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The Stag Aglow.

I can't exactly remember what the prompt for this piece was; what the writing competition stipulated that I focus on. Reading it back, it is quite a strange piece but enjoyable nonetheless.


‘Don’t get me wrong, I’m happy that she thought of me but why would Gran leave me a badge?’

‘Brooch,’ my mother threw the words over her left shoulder. ‘It’s called a brooch son, and it’s very special.’

I held it loosely in my hands, inspecting it closely. It was beautiful. Even for a young man like me it was hard not to be impressed by the intricate detail of the brooch. The craftsmanship. The heirloom took the shape of a grazing stag as it lay in the shade of a robust tree. It was made entirely of sterling silver with radiant cut emeralds in place of the eyes. They were wildly aglow and I connected to this strange and dated object the more I beheld it.

However striking it was, I was still oddly surprised that this brooch was considered valuable enough to be passed down. It dated back to my great grandmother whose husband purchased it from a travelling salesman. It had supposedly been in our family ever since.

‘Just be careful, William,’ she seemed distressed, but I guess if my mother had just passed away I’d be a little distressed too. ‘Won’t you?’

Right after dinner, I made my break for divine slumber. My grandmother’s wake had soared through last night and early into this morning so I was beyond tired. My eyes had attempted to sew themselves shut repeatedly since our discourse regarding the brooch.

‘Hey! Don’t forget.’ Mum said, gesturing to the box containing my newest possession.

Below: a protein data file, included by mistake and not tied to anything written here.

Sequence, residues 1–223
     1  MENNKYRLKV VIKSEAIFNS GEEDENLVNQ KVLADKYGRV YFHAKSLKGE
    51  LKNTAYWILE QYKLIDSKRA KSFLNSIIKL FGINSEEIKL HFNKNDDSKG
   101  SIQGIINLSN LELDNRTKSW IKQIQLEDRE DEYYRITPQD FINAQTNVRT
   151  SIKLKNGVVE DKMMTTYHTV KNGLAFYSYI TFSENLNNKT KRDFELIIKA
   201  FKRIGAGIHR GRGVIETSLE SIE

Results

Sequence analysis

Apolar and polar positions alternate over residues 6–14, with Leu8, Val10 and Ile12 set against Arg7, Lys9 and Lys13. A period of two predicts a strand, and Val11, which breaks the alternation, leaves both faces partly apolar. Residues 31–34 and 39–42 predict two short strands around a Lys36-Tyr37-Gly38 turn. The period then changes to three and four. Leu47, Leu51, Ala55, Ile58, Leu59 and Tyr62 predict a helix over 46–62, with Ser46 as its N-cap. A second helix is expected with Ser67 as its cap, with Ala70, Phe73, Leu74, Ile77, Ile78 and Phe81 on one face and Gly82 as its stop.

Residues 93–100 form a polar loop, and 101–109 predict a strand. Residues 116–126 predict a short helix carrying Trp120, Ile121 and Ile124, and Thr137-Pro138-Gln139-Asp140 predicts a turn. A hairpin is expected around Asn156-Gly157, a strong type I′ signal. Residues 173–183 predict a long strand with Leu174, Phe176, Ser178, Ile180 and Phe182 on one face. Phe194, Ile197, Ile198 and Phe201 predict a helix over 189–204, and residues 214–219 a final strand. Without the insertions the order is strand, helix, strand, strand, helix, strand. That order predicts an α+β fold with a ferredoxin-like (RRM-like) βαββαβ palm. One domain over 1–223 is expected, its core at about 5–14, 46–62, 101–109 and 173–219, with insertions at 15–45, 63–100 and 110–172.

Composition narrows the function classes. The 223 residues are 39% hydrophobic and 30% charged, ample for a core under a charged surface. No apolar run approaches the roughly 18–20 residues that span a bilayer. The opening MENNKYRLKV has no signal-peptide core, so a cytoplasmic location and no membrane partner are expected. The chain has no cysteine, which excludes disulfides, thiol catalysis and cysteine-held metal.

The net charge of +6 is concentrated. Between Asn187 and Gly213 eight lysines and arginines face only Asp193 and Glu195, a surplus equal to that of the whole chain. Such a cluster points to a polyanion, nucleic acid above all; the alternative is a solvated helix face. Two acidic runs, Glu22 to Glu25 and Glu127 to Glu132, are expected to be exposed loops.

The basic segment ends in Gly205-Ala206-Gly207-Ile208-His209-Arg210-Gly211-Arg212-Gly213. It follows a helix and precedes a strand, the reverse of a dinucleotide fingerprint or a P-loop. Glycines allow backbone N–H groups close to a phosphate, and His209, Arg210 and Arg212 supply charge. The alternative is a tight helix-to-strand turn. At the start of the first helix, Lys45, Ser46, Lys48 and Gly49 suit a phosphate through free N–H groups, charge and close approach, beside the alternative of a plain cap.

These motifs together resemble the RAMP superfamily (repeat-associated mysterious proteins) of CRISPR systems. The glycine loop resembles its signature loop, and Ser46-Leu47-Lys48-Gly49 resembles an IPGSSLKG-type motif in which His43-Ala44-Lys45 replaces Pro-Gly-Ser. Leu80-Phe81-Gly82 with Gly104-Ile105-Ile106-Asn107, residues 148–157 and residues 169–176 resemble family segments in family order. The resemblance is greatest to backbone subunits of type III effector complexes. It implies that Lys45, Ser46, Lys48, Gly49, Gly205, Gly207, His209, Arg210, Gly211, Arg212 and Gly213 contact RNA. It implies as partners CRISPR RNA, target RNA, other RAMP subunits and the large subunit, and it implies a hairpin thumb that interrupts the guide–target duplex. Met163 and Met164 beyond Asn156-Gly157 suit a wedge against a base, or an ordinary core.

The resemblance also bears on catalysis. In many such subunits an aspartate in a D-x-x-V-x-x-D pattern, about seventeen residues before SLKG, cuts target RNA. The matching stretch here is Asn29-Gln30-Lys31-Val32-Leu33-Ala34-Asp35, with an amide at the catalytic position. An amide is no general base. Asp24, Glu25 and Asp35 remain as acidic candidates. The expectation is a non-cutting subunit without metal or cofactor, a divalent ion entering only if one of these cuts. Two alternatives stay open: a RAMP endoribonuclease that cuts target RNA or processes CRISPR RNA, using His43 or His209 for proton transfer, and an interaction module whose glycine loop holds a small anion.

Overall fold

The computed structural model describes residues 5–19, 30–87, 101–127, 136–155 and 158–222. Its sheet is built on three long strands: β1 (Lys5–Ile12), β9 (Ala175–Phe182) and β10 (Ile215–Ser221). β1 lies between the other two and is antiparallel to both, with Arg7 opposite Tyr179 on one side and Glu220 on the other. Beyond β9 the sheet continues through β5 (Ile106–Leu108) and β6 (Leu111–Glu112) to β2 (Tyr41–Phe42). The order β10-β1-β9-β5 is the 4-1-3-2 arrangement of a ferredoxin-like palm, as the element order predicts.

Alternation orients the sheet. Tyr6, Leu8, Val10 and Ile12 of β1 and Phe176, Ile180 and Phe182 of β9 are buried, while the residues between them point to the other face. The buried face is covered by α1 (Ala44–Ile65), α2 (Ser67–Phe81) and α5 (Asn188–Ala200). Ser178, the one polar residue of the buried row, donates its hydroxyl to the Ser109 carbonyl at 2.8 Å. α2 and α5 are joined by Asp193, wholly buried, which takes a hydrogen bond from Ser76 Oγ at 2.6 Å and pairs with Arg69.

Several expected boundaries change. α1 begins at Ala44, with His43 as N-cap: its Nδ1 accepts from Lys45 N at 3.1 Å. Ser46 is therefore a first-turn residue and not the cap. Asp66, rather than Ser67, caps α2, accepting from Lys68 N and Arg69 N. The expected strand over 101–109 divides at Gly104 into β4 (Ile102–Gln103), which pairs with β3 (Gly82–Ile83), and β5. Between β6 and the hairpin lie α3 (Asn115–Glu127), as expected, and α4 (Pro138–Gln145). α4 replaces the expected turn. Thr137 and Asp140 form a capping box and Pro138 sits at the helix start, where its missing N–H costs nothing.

I grabbed the box and laboured upstairs. I entered my room and went to place it down so I could sleep. As I stood in the centre of my bedroom, I felt that it didn’t really belong anywhere. Definitely not on my bedside table, not propped up on the spare lounge chair in the corner and it wouldn’t fit with the various action figures that lined the top of my chest of drawers. So to the back of the bottom drawer it went. And to sleep I travelled.

My eyes seeped open. Covered in the all-too-familiar lens of weariness, they struggled to focus. I wasn’t sure how much time had passed since they had last closed. I tossed in the warm sheets, turned to face the bedside table. I looked over at the alarm clock and could barely make out the time: just turned 3:00am. I rubbed at my face, sliding the back of my hand hard up against my eyes.

It was freezing. The type of cold you felt in the middle of winter, the dead middle of winter when the water threatened to frost over and car engines took that extra click to start. I looked over to the window, searching for reassurance that I hadn’t opened it in my sleep; I had a tendency to sleepwalk when overtired. My mother often caught me moving furniture at strange hours of the night. My father even retrieved me from the tree out front once.

I felt a sudden draft, an unmistakable waft of ice-cold air swept through and set my arms on fire with goose bumps. I sensed something, something that didn’t belong here. My heart began to pump so hard that it was on the brink of breaking through my chest. That’s when I saw it. I saw her. A lady in full silhouette, seated at the lounge chair in the corner. My body stiffened and my teeth clenched together hard, locking my jaw shut. I glowered at the obscure shape before me, succumbed to this darkness. Heart racing.

I suddenly relaxed a little, softening in the presence of what I naively thought could be my Gran. This thing had settled on the chair in the same way she had always perched up here herself. Or was I being tricked by the shadows? I swung to the right, flicked the lamp on and rocked back to face the chair. Empty. I was right, the shadows were the perpetrators of this cruel hoax. And back to sleep I went.

The next morning, I woke in a state of exhaustion. My body ached, right through to my bones. I grabbed at my clothes, an attempt to quell the pain but ended up slicing right through my hand. A deep red liquid ran freely from the edge of my palm. The culprit: my brooch. My brooch had been pinned to my shirt, right over my heart. I unpicked it, apprehended it in my blood-soaked hands, and again glared into the emerald eyes of the stag.